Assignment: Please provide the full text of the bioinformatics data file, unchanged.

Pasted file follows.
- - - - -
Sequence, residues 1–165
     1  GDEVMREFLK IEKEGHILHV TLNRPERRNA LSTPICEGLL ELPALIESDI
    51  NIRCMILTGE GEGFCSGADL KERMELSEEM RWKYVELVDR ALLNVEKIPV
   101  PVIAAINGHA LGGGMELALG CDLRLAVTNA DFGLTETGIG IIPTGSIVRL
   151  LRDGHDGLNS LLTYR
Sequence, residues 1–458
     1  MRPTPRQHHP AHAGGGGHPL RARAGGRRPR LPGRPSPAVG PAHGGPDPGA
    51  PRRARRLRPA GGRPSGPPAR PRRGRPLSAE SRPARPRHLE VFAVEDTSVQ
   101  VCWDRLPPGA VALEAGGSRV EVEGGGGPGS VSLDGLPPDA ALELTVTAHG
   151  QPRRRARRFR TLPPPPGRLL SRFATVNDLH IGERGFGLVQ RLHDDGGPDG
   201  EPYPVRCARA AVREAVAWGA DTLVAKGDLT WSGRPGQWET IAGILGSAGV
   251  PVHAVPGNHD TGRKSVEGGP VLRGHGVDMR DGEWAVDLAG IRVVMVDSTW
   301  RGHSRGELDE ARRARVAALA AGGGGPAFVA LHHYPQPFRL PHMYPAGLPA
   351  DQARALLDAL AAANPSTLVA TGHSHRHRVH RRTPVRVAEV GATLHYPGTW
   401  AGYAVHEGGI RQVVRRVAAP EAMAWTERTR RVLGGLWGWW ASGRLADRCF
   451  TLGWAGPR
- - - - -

Sequence, residues 1–165
     1  GDEVMREFLK IEKEGHILHV TLNRPERRNA LSTPICEGLL ELPALIESDI
    51  NIRCMILTGE GEGFCSGADL KERMELSEEM RWKYVELVDR ALLNVEKIPV
   101  PVIAAINGHA LGGGMELALG CDLRLAVTNA DFGLTETGIG IIPTGSIVRL
   151  LRDGHDGLNS LLTYR
Sequence, residues 1–458
     1  MRPTPRQHHP AHAGGGGHPL RARAGGRRPR LPGRPSPAVG PAHGGPDPGA
    51  PRRARRLRPA GGRPSGPPAR PRRGRPLSAE SRPARPRHLE VFAVEDTSVQ
   101  VCWDRLPPGA VALEAGGSRV EVEGGGGPGS VSLDGLPPDA ALELTVTAHG
   151  QPRRRARRFR TLPPPPGRLL SRFATVNDLH IGERGFGLVQ RLHDDGGPDG
   201  EPYPVRCARA AVREAVAWGA DTLVAKGDLT WSGRPGQWET IAGILGSAGV
   251  PVHAVPGNHD TGRKSVEGGP VLRGHGVDMR DGEWAVDLAG IRVVMVDSTW
   301  RGHSRGELDE ARRARVAALA AGGGGPAFVA LHHYPQPFRL PHMYPAGLPA
   351  DQARALLDAL AAANPSTLVA TGHSHRHRVH RRTPVRVAEV GATLHYPGTW
   401  AGYAVHEGGI RQVVRRVAAP EAMAWTERTR RVLGGLWGWW ASGRLADRCF
   451  TLGWAGPR